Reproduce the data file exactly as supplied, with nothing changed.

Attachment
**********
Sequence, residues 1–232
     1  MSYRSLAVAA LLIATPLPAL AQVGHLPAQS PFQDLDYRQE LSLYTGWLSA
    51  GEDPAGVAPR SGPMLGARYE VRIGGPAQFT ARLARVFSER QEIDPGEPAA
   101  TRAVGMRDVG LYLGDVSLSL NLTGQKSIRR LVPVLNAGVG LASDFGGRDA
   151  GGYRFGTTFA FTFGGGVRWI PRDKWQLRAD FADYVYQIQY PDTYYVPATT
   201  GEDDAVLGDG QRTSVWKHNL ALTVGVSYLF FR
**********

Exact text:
Sequence, residues 1–232
     1  MSYRSLAVAA LLIATPLPAL AQVGHLPAQS PFQDLDYRQE LSLYTGWLSA
    51  GEDPAGVAPR SGPMLGARYE VRIGGPAQFT ARLARVFSER QEIDPGEPAA
   101  TRAVGMRDVG LYLGDVSLSL NLTGQKSIRR LVPVLNAGVG LASDFGGRDA
   151  GGYRFGTTFA FTFGGGVRWI PRDKWQLRAD FADYVYQIQY PDTYYVPATT
   201  GEDDAVLGDG QRTSVWKHNL ALTVGVSYLF FR